When it comes to public transit, there are two cities in the English-speaking world that are built upon that bedrock - London, with its historic, storied Underground, and New York City. There are few cities in the world which rely on public transit like New York does, thanks to its criss-crossing network of subways, bus routes, and commuter rail lines that bind Manhattan to the boroughs and the suburban metropoli of Long Island. Compared to New York's mileage, Toronto might as well be Poughkeepsie.
Nevertheless, despite the eleven million people that ride its rails and wheels every day, New York's Metropolitan Transportation Authority has been as clobbered as anything by this economic Grand Slam of ours. Yesterday's New York Times carried an article by William Neuman, "M.T.A. Votes to Raise Fares and Cut Service," covering the MTA's bid to remain solvent and workable with service reductions and fare increases which I can only describe as punishing.
Unless the state government in Albany can get its house an order and provide the MTA with additional funding, which would be raised by increasing tolls on bridges spanning the East River and the Harlem River, the MTA will cancel thirty-five bus routes and two subway routes to get its ducks in a row. Fares would also increase by fifty cents to $2.50, and a monthly pass would go up $22 to $103.
Predictably, there is a lot of argument and back-and-forth over this in Albany, where the issue of bridge tolls are the polarizing issue. Because, after all, people who drive cars into work naturally have less responsibility (!!) to pay for the services they are taking advantage of than do those who ride in on the rails. While I grant that I am not a maven of the New York public transportation system, it's easy to see that fare increases and service cuts of this magnitude would push people away from the system into their cars, thus increasing traffic and pumping yet more carbon dioxide into the atmosphere.
Here in Toronto, there are frequent complaints about the kind of service we get from the TTC. I've had plenty of experiences waiting for the 501, looking with frustration down the street as the clock ticks closer to the time I have to be at my desk, only for two - sometimes even three! - streetcars to arrive like a sunburned convoy, one after another. No system is perfect, though I've only been late because of it once or twice. What subway problems Toronto has usually takes the form of suspicious packages discarded at Jane Station or arguments over how much money Mel Lastman wasted by building a subway under Sheppard Avenue.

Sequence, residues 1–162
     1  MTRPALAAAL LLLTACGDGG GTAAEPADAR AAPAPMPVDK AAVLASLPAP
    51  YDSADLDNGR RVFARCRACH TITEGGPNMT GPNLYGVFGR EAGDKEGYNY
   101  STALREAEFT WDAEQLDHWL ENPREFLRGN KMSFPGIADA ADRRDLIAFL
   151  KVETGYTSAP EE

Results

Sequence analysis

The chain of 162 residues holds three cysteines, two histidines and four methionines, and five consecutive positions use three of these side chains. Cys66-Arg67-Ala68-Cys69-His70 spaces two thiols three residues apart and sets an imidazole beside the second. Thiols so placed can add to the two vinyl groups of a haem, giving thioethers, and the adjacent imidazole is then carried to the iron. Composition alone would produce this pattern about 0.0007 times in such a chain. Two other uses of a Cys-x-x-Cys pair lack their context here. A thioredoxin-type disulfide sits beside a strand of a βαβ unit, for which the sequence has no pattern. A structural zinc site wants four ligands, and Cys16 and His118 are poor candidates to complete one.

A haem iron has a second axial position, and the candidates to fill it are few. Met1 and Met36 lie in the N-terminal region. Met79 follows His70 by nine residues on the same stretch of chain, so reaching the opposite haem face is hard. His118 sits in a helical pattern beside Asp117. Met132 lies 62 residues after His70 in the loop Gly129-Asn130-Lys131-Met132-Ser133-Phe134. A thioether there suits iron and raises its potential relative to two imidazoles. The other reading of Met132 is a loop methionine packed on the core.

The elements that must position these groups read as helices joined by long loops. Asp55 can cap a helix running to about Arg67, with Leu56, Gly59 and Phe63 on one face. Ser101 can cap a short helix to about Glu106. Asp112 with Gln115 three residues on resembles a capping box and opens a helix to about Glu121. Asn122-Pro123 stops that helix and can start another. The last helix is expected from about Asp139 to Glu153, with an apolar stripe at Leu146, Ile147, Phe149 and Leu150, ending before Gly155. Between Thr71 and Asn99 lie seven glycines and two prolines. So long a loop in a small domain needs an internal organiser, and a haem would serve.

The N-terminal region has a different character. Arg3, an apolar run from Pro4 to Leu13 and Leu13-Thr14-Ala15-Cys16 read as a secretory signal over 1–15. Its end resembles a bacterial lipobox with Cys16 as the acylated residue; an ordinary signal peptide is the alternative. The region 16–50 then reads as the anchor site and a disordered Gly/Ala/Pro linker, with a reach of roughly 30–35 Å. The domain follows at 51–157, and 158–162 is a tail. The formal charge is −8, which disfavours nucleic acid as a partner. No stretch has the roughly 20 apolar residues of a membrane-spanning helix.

So how do the systems compare? For one, "service problems" for the TTC have been, of late, barely having enough vehicles to deal with rush hour demands. Ads rife with typos (well, one typo) have appeared all over the system, trumpeting that 80% of surface routes now run until 1 AM. Planning for the Transit City light-rail system is proceeding apace and shovels will break the east end of Sheppard later this year. In New York, they're rolling back, pulling up the drawbridge and hunkering down to see if they can outlast the siege.
A comparison of the two systems' fares is instructive. Here in Toronto, one ride on the TTC will set you back $2.75, so long as you're not hopping on a Downtown Express route or one that shuttles into York Region or Mississauga. A one-month Metropass can be had for $109, and even that is tax-deductible. Converted into Canadian dollars, the MTA would bury Toronto at $3.07 per ride, and for a New York City MetroCard you'd need to hand over $126.82 in loonies and spare change. As far as I know they don't work nearly so well as shields from the taxman.
I can understand the need for the MTA to maximize its revenue, particularly in the face of these economic conditions. New York's transit infrastructure is far greater in scope than Toronto's and as such requires a significantly greater investment - but the importance of sheer psychological impact can't be forgotten. This is the second year in a row New York's transit fares will have gone up, and this year they are going up in a big way - 20% per ride. Metaphorical punches like that are hard for people to take, and the effect can't be discounted. I would not be surprised to see a version of the Laffer curve come into play here - it's easy to envision a situation where higher fares prompt an exodus from the system, which necessitates further service cuts and fare increases to maintain what's left, and so on until equilibrium is finally reached in a system that is a shell of what it once was.
For the moment, while not flush the TTC appears stable, and if Dalton McGuinty delivers on expectations there will be cash laid out for public transit in Ontario's next budget. For the good of the city, I hope dearly that's the case.
I don't care how many times I have to wait by the curb wondering how much longer it'll be until the streetcar grinds into sight, I ride with pride. Because I know I'll get there in the end. Because I know I'm better off not having to worry about parking fees, and gas prices, and parking costs, and all the idiots on the roads and the Gardiner. Because I want to decouple myself from the myth that a car brings freedom.
The government of New York would be wise to recognize the necessities of the future, and fund New York's public transit system to the best of its ability. Somehow, I doubt that's going to happen.